Being label mates with Dream Theater, touring the world with Opeth and headlining stacked bills across the US are things that are unheard of for a ‘prog’ band from Australia. Yet, for Brisbane-based quintet Caligula’s Horse, named after the legendary relationship between a Roman Emperor and his beast of burden, playing proggy jams to thousands at home and abroad is something that they’ve excelled at.
Now five records in, the group’s newest effort Rise Radiant is as focused as they’ve ever sounded; crushing riffs mixed with beautiful textures and the occasional 10-minute epic, resulting in a richly versatile, yet digestible listen.
However, for guitarist and chief composer Sam Vallen, the composition of the new album was anything but smooth, with the multi-tasker juggling dad, PhD and album duties at once.
The fact that said PhD was focused on progressive music makes the chat all the more sweeter, with the ‘Professor of Prog’ admitting that things were chaotic, yet beautiful at the same time.
“I wrote the majority of the record in this crazy four or five month period just after the birth of my son. I was doing some at-home fathering and I was also finishing my doctorate in that period, so everything that I did circulated around those three things for awhile. I was working on some of these songs way into the wee hours…but the difficulty has really been overshadowed by how proud we are of this,” he says with a hint of relief.
“The writing and recording of this was tied up in all these incredibly joyful new experiences…it ended up being this one beautiful memory of all these crazy things, so it’s a really amazing punctuation point in a sense.”
Contextually, it sounds like Sam’s life while composing Rise Radiant was metaphorically similar to C-Horse’s brand of progressive music; incredibly exciting yet explosive, crammed into a finite space. It turns out that doing a lot in a condensed time is something of a mission statement for the band, with the notion of producing a half-an-hour prog epic not the main priority.
“If it’s an explosion of all the ideas that you can add in a longer song, well that to me seems like a more potent artistic statement. I get more excited by that. If I can make an eight-sixteen bar long solo, yet it’s memorable….well why the hell would I need it to be longer….that’s also why we like to (mostly) write shorter songs!” he says.
While some purists might turn their noses up at the length of the tunes (only one song passes the ten minute mark – the nerve!) there’s no lack of artistic boldness from the group, with Sam asserting that breaking new ground has always been first on the agenda for the band, especially as they begin to experience increased success.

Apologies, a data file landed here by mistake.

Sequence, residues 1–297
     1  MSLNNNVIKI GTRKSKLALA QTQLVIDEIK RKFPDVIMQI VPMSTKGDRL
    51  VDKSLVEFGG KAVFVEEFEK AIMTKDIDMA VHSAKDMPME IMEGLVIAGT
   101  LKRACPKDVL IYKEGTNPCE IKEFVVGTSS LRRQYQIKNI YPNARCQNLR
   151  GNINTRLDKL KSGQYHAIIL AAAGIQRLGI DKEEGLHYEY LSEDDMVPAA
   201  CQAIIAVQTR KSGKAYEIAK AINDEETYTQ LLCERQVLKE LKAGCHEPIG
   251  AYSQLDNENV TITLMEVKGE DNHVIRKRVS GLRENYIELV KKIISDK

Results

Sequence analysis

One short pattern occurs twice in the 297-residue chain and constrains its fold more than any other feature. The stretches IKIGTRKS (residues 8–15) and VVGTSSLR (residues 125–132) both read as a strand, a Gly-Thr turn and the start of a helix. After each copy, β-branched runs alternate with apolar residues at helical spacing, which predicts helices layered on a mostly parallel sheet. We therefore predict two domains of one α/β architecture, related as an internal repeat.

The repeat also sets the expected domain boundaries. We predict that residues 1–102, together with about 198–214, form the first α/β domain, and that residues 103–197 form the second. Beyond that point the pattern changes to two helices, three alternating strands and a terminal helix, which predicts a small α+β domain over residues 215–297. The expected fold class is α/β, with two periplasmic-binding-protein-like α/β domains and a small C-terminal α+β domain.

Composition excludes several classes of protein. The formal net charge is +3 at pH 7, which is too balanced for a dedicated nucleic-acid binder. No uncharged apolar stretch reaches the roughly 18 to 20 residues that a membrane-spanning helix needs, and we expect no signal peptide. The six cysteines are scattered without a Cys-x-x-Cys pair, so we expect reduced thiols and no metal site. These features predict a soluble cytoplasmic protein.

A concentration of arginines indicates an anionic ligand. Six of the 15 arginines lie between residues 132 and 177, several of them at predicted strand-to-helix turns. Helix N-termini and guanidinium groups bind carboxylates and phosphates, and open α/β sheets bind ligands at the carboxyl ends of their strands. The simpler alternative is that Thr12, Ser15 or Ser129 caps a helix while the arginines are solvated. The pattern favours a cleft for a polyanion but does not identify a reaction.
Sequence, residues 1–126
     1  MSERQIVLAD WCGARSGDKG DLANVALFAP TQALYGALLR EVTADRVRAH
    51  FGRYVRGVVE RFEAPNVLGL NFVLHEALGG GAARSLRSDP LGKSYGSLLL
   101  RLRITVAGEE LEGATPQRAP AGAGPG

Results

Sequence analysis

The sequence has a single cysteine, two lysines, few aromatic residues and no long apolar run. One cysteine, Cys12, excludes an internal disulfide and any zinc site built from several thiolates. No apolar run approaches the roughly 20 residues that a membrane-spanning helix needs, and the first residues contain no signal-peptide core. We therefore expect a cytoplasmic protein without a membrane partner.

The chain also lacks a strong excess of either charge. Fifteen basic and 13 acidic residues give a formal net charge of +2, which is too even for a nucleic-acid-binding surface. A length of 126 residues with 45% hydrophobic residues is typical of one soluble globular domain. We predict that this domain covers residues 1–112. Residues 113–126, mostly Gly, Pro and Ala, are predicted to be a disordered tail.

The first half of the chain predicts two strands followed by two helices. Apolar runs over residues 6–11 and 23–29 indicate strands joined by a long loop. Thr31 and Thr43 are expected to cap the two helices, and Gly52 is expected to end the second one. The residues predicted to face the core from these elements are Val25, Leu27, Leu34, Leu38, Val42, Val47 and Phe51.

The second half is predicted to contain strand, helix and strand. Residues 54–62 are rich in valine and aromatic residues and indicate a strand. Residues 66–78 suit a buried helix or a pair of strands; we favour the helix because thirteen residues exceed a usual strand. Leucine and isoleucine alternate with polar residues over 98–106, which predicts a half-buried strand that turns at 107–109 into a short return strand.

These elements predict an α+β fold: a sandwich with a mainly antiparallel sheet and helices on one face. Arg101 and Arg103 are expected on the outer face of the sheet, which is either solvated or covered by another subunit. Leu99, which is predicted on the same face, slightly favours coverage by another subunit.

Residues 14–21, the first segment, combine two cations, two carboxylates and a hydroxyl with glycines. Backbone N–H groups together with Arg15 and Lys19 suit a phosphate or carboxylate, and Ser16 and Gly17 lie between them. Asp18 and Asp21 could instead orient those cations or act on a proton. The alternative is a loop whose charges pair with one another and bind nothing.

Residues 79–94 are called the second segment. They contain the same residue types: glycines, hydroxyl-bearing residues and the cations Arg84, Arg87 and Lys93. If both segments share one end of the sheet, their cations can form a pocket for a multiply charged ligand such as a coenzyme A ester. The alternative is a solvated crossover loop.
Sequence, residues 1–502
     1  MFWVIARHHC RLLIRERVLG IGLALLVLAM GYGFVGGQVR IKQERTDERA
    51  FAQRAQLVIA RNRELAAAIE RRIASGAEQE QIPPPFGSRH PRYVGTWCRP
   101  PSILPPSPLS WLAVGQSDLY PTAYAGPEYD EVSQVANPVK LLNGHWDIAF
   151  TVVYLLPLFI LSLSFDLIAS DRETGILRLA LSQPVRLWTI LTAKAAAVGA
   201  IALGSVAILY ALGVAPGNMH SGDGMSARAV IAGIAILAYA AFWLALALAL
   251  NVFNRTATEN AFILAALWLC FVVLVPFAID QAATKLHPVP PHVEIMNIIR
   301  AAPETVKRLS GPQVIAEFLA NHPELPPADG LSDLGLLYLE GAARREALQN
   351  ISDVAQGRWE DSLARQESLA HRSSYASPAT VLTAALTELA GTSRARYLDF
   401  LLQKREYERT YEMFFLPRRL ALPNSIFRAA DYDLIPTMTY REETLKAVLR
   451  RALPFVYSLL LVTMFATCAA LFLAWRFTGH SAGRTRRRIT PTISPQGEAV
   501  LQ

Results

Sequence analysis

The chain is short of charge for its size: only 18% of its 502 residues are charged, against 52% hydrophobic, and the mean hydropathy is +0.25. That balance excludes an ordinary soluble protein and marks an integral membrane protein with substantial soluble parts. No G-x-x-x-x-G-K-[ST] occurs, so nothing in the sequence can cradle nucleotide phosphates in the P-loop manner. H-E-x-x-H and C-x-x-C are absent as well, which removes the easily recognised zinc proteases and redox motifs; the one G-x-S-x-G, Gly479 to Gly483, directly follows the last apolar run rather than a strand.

“Even if we just offer our little piece of art to throw out in the world….even if all that does is give you a distraction for an afternoon, well that was really important to us.”
“Every record that we create, we begin with a meeting that we all have where we talk about what it is we’ve done in the past, and now what kind of new chapter we’re going into…this was, in a sense, focused on destabilizing what we do as artists,” he says.
“I have this fear of basically becoming a band that repeats themselves….for us, although we’re ostensibly a progressive metal band, we still want to inject some new perspective or set of tools or overarching concept….this time around that’s the idea of getting away from a record that flows as one big track, like our last record In Contact was, and instead creating an album that looks at a topic….especially one that’s explicitly personal.
“Both ‘Autumn’ and ‘The Ascent’, for example, are both about fatherhood and explorations of that…the former was very much approached with the idea that, production speaking, it’s not going to be ‘metal’ in either way….and then ‘The Ascent’ turns that on its head entirely….two sides of the same coin, in a way.”
“’The Tempest’ and ‘Slow Violence’ are also good examples of this. The former is very intense, with lots of different ideas, whereas the latter is purposely very simplistic. There’s not a lot of stuff filling in the gaps….and that’s meant to create an ebb and flow in the listening of the album that might not be as obvious at face value.”
For many, dropping their most exciting record amid a global pandemic would be incredibly frustrating, more-so for C-Horse, who were forced to postpone a huge headlining tour of North America which was to kick off this album cycle.
However, Sam notes that there’s no better time to be contributing art to the world than now, no matter how big or small.
“Of course we lament the fact that we have to postpone our tour plans, but…we thought it was really valuable, at a time where everyone is locked away and the world is sad, to put it simplistically. Even if we just offer our little piece of art to throw out in the world….even if all that does is give you a distraction for an afternoon, well that was really important to us.”
“If artists can’t offer what they’re best at, then we’re in a really sad space.”